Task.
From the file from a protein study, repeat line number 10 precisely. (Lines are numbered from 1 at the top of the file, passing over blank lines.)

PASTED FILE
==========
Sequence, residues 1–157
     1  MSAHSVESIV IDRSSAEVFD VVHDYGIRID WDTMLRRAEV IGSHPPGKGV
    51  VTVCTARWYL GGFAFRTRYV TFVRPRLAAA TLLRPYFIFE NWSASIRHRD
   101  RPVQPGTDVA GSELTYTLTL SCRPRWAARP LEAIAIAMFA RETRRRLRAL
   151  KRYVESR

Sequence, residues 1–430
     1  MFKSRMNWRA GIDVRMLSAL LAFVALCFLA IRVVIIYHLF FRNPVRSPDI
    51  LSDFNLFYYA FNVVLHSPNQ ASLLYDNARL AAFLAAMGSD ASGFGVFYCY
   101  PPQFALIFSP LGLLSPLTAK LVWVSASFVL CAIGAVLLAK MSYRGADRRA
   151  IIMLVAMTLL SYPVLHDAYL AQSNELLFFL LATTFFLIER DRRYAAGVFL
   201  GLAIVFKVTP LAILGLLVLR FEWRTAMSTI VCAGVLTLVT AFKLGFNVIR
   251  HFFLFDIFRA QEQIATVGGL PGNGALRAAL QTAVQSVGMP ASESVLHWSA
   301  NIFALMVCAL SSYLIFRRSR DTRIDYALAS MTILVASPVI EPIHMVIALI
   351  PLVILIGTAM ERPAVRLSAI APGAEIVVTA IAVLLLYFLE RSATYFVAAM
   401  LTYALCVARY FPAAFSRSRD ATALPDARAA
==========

   151  IIMLVAMTLL SYPVLHDAYL AQSNELLFFL LATTFFLIER DRRYAAGVFL